Some scattered reports of yellowfin tuna being found traveling with porpoise, most of this action was found 10 to 20 miles from shore and the tuna have been smaller sized footballs. No larger sized yellowfin tuna are now being reported in local waters, though with 80 degree blue water now present, anything could happen on any given day. An occasional wahoo was being reported, most of these fish have been single fish, striking on lures in open offshore water.
There was a dorado frenzy found midweek in the vicinity of some buoys that were set in an area 10 to 12 miles offshore of the Cardon to La Fortuna area. Anglers who were fortunate to get in on this action will remember it for a long time, wide open action, as neon streaks of flashing blue, green and yellow could be seen all around, the fish were averaging in the 30 to 50 pound class. These fish were striking on any type of baitfish thrown in the water. Of course word travels quickly and the whole fleet arrived on the scene and the dorado became more weary in the coming days, first boats arriving in the morning hooked up, after that it was very scratchy.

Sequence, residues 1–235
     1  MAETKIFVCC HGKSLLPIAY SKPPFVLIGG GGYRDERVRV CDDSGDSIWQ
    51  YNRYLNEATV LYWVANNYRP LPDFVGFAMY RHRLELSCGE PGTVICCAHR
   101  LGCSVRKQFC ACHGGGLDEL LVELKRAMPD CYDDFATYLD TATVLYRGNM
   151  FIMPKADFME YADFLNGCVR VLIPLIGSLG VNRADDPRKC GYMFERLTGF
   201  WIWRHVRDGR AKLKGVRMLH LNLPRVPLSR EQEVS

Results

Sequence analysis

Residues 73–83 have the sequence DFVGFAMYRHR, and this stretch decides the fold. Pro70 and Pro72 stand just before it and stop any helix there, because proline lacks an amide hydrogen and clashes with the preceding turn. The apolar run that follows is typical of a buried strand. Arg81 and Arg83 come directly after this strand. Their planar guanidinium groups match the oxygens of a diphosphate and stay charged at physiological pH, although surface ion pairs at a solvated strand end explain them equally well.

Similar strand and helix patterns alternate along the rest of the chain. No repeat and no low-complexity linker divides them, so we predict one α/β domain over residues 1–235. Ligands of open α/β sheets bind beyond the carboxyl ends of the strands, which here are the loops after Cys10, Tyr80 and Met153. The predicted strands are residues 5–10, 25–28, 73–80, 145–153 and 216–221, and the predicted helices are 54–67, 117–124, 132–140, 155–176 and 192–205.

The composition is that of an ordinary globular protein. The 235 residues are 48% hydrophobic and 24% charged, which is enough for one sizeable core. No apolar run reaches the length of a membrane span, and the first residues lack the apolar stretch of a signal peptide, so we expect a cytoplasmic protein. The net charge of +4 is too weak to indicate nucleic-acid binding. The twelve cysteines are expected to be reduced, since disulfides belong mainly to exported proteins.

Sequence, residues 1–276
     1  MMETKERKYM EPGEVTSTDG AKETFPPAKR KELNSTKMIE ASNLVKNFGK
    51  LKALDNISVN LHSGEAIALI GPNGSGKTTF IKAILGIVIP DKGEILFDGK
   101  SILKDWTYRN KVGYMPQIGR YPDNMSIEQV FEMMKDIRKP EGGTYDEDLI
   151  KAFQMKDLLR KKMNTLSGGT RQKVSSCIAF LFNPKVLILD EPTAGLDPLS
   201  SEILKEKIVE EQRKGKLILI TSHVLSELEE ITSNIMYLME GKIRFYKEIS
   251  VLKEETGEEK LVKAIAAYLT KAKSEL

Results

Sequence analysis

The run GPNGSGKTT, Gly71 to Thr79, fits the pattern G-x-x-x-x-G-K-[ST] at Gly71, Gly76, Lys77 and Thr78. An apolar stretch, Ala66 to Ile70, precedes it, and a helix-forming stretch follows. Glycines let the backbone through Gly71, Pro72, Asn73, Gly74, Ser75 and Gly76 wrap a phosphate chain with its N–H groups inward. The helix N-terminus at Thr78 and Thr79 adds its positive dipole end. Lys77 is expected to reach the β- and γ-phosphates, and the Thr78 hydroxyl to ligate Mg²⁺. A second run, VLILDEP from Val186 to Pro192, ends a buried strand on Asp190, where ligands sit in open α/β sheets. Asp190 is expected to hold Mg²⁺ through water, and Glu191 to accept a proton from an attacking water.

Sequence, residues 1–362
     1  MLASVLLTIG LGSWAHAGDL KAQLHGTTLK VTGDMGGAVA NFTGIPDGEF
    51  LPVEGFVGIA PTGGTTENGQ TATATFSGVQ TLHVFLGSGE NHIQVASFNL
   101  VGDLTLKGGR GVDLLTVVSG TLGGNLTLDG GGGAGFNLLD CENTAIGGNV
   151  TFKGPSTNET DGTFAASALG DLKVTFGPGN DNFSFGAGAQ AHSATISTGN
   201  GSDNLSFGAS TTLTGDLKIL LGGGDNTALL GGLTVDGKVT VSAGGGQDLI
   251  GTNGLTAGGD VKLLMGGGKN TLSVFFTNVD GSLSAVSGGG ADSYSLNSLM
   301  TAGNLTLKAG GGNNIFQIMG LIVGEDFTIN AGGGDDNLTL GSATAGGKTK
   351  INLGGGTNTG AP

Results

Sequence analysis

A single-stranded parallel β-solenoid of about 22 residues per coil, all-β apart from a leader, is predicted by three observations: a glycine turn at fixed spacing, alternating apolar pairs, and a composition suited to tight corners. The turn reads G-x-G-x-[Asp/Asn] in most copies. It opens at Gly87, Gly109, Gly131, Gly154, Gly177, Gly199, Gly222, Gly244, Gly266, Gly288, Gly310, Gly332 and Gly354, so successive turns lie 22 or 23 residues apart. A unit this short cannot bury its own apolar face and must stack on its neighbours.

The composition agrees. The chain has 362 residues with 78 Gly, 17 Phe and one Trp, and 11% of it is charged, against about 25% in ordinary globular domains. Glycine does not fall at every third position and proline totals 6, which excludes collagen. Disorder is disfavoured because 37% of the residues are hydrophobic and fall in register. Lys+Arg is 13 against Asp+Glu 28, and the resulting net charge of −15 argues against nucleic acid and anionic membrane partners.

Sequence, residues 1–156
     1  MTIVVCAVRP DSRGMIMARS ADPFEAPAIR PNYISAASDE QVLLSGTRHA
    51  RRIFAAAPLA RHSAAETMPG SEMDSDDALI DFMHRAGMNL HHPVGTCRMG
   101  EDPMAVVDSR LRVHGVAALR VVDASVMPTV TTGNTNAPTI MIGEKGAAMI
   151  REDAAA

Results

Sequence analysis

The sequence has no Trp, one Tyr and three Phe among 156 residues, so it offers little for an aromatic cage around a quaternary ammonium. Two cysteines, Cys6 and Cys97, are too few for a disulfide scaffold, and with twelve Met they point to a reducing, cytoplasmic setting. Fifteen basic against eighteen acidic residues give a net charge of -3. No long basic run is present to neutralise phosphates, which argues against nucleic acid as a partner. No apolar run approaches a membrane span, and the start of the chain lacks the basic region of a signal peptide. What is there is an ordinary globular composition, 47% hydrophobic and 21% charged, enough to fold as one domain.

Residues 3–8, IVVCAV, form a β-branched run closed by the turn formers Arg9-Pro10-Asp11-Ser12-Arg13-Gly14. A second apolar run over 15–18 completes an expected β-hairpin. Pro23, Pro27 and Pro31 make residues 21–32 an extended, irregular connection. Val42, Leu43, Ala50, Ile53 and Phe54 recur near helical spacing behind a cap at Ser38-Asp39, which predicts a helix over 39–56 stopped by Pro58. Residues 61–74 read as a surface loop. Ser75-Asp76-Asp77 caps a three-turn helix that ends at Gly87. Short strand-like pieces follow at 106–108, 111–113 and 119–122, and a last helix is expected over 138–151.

Inshore action continues to produce roosterfish to 50 pounds or more, this is usually the later part of the season for them, this year we have experienced the best roosterfish bite as we have seen in the past decade, simply for the sheer numbers of big roosterfish found throughout the region. The amberjack action that had been going strong in recent weeks while trolling surface baits over inshore rock piles, seem to have faded out and now anglers are starting to find more action off of the deeper areas, such as the Iman Bank, San Luis Bank and La Fortuna reefs, with depths ranging from 100 to 180 feet. A mix of grouper, cabrilla, snapper, amberjack and other species can be found on these grounds. Techniques include, drift fishing with various whole and cut baits off of the bottom and using yo-yo style jigs, bounced and rapidly retrieved off of the high spots.
The supplies of baitfish in the PLC marina area continue to be plentiful for caballito, mullet and moonfish. We should start to see more offshore schooling batifish, such as bolito and small skipjack, move onto the local fishing grounds, this always seems to attract more predators, these make great live baits for the larger sized pelagic gamefish.
The combined panga fleets launching out of La Playita, Puerto Los Cabos Marina sent out approximately 69 charters for the week, with anglers reporting a fish count of: 4 wahoo, 19 yellowfin tuna, 78 dorado, 27 striped marlin, 13 sailfish, 5 dogtooth snapper, 12 hauchinango (red snapper), 18 amberjack, 33 jack crevalle, 9 broomtail grouper, 25 leopard grouper and 135 roosterfish (majority released).
Good fishing, Eric